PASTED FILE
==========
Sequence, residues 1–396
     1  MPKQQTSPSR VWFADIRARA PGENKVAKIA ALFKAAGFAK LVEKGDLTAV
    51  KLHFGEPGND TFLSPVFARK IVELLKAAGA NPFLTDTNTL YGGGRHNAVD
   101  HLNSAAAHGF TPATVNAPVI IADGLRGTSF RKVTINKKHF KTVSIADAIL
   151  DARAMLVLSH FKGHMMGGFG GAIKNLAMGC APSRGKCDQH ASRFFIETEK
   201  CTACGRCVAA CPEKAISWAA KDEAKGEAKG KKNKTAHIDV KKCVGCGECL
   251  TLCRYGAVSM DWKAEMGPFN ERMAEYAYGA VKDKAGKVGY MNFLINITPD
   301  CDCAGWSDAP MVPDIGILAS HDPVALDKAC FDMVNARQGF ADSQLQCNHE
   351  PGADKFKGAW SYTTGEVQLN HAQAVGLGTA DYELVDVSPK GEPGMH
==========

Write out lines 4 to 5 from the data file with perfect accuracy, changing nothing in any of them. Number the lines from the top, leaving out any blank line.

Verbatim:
   101  HLNSAAAHGF TPATVNAPVI IADGLRGTSF RKVTINKKHF KTVSIADAIL
   151  DARAMLVLSH FKGHMMGGFG GAIKNLAMGC APSRGKCDQH ASRFFIETEK